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Updated: October 24, 2013 17:21 IST

Week in science: Farthest-yet galaxy & others

Compiled by Vasudevan Mukunth
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The farthest galaxy yet found is more than 13 billion light-years away.
V. Tilvi/Texas A&M, S. Finkelstein/UT Austin, The CANDELS team, AND HST/NASA
The farthest galaxy yet found is more than 13 billion light-years away.

Excerpts from science, technology, environment and health reports from around the web.

The universe's farthest galaxy… so far

Astronomers have caught a glimpse of the farthest, most ancient galaxy to date, a star factory that was bustling with activity a mere 700 million years after the big bang. The researchers estimate the galaxy, named z8_GND_5296 and located 13.1 billion years away, formed stars at a rate that was a hundred times more prolific than today’s Milky Way. The find, reported in Nature this week, suggests the early universe may have witnessed more bursts of frenetic star birth than astronomers had thought.

The Decline of Wikipedia

The sixth most widely used website in the world is not run anything like the others in the top 10. It is not operated by a sophisticated corporation but by a leaderless collection of volunteers who generally work under pseudonyms and habitually bicker with each other. It rarely tries new things in the hope of luring visitors; in fact, it has changed little in a decade. And yet every month 10 billion pages are viewed on the English version of Wikipedia alone. When a major news event takes place, such as the Boston Marathon bombings, complex, widely sourced entries spring up within hours and evolve by the minute. Because there is no other free information source like it, many online services rely on Wikipedia. Look something up on Google or ask Siri a question on your iPhone, and you’ll often get back tidbits of information pulled from the encyclopedia and delivered as straight-up facts.

Chemists present a way to infer the enigmatic temperature variations inside a reactor

Most chemical products start their lives as oil. And most of the conversion processes used to turn the black stuff into plastics, fuels and the rest rely on catalysts. Given the sensitivity of catalysts and Earth’s dwindling supplies of oil, you might think that these reactions would be among the most studied and the best understood in the chemist’s cookbook.

Unfortunately not. In fact, for many chemists and chemical engineers — those who work with bucketloads of reactants rather than the contents of pipettes — what goes on inside an industrial reactor is something of a mystery. It’s a black box. Indeed, when some textbooks and academic papers on the subject show flow charts of chemical processes, they actually represent the reactor, the beating heart of our industrial society, as a black box. If process engineers want to know what happens inside — and so how to make it more efficient, safer or more environmentally friendly — they measure what comes out, compare it with what goes in, and make an educated guess.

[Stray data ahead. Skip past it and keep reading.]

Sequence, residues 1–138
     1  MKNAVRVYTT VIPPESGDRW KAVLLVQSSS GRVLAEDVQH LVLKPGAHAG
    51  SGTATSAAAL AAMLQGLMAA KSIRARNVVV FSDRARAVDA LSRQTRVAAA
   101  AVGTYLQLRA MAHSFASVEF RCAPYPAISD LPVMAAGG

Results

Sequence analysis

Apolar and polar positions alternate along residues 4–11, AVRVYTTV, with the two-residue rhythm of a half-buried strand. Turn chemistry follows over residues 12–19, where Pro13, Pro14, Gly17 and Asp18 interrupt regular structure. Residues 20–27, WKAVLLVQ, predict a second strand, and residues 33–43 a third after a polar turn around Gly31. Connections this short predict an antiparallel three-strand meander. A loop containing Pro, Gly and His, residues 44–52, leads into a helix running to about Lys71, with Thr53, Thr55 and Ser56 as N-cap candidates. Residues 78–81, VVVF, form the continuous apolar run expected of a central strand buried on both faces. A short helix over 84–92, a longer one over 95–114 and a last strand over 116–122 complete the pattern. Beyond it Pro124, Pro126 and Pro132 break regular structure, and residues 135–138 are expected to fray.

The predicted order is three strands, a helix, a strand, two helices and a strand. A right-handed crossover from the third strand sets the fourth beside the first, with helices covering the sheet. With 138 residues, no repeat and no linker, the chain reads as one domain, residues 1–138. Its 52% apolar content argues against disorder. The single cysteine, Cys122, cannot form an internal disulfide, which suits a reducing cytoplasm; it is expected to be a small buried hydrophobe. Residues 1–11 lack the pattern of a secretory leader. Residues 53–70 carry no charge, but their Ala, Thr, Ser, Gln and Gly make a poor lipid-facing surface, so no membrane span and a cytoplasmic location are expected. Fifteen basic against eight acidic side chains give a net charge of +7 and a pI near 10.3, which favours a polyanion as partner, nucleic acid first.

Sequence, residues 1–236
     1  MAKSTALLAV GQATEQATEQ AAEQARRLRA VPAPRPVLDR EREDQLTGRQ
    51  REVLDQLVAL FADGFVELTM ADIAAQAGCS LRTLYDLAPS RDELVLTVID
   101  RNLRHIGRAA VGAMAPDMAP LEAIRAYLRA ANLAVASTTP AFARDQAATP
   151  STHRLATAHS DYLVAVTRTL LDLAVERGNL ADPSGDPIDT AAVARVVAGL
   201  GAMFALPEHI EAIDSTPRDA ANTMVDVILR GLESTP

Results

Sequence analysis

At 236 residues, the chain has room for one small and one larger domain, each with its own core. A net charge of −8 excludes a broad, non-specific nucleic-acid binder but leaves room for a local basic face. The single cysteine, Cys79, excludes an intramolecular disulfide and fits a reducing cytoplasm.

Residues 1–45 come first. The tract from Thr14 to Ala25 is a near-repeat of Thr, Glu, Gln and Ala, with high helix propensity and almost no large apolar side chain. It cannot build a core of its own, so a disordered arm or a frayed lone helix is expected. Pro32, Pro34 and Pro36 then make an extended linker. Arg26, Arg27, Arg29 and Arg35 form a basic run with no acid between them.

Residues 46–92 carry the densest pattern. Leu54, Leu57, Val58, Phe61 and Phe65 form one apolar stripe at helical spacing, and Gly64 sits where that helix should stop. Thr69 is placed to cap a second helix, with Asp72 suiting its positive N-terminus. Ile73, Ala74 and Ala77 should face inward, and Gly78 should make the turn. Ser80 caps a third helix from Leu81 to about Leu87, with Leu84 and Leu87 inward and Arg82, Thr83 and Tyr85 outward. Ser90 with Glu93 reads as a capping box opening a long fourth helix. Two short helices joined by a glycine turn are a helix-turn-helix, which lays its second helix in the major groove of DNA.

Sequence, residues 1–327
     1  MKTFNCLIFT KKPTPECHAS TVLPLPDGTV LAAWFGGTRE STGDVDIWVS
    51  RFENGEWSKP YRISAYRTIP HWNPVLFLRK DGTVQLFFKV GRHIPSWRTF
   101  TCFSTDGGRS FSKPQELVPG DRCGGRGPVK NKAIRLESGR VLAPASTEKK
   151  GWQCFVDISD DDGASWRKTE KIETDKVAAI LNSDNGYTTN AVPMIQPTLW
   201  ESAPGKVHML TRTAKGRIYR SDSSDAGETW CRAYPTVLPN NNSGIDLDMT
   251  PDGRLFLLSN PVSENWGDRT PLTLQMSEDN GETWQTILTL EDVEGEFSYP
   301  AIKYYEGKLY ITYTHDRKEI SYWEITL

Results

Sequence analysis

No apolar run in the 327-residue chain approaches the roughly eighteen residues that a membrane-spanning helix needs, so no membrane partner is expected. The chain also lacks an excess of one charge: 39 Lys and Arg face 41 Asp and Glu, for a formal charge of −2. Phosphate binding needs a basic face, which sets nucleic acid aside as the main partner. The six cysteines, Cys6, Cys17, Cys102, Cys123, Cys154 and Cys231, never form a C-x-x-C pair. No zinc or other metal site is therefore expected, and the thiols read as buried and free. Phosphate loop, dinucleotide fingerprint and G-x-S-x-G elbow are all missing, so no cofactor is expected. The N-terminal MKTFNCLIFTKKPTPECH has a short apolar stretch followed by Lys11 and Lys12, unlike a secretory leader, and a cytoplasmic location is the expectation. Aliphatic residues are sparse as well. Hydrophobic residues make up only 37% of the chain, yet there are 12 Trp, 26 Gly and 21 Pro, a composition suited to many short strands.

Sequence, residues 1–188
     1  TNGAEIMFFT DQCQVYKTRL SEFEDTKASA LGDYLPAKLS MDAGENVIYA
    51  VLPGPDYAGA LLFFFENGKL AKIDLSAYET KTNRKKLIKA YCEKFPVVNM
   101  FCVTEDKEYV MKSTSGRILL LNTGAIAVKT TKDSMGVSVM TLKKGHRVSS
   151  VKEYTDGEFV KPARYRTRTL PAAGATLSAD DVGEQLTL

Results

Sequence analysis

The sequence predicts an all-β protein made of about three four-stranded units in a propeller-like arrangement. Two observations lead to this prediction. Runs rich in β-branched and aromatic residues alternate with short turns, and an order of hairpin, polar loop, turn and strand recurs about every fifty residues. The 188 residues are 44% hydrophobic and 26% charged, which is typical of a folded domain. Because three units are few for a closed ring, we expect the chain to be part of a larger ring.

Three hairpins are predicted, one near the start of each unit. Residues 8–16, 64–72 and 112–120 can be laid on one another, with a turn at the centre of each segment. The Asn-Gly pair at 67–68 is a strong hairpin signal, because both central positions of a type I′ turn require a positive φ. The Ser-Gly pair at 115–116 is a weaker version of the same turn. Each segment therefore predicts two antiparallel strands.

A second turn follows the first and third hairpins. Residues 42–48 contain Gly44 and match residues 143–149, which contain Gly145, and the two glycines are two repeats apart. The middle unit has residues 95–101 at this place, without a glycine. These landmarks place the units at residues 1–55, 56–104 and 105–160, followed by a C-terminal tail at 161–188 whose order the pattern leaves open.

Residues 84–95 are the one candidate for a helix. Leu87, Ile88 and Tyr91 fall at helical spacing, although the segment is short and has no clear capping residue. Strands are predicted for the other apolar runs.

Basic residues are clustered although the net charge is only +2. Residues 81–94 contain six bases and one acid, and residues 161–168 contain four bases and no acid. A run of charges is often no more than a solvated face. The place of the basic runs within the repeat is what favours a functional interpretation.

New free expression tools from Google Ideas

As long as people have expressed ideas, others have tried to silence them. Today one out of every three people lives in a society that is severely censored. Online barriers can include everything from filters that block content to targeted attacks designed to take down websites. For many people, these obstacles are more than an inconvenience—they represent full-scale repression.

The threat in the pocket

Given all the talk about mobile malware—Trojans, viruses, keyloggers, phishing expeditions and other scams infecting the phones in people’s pockets—users might be forgiven for thinking cybercrooks are cleaning up at their expense. Truth is, surprisingly few bits of malware have found their way into mobile phones. More by accident than design, smartphones have turned out to be much tougher to infect than laptops and desktop PCs. At least, that is the case at present.

How trees drinking gold can help the mining industry

It’s not just the gods of antiquity who sloshed back cups of liquid gold. Trees drink gold, too.

A paper published this week in Nature Communications reports that gold crystals can be found in Eucalyptus trees growing above buried deposits of the mineral.

The report offers a tentative solution to a worldwide slump in new gold deposit discoveries, suggesting that, somewhat counterintuitively, an effective means of peering into the Earth is to look up – not to the gods, but to the trees.

Researchers keep mum on botulism discovery

Scientists have discovered a new strain — the first in 40 years — of Clostridium botulinum, the bacterium that is ultimately responsible for causing botulism. And although they have reported their findings in a scientific journal, the investigators have taken the extraordinary step of withholding key details of the discovery. That’s because the toxins made by C. botulinum are the most dangerous known to humankind and currently there is no antidote for a toxin generated by the new strain. The fear is that malevolent organizations or rogue governments might use the information to reverse engineer their own version of the new bug, making it a potent and real bioterrorism threat.

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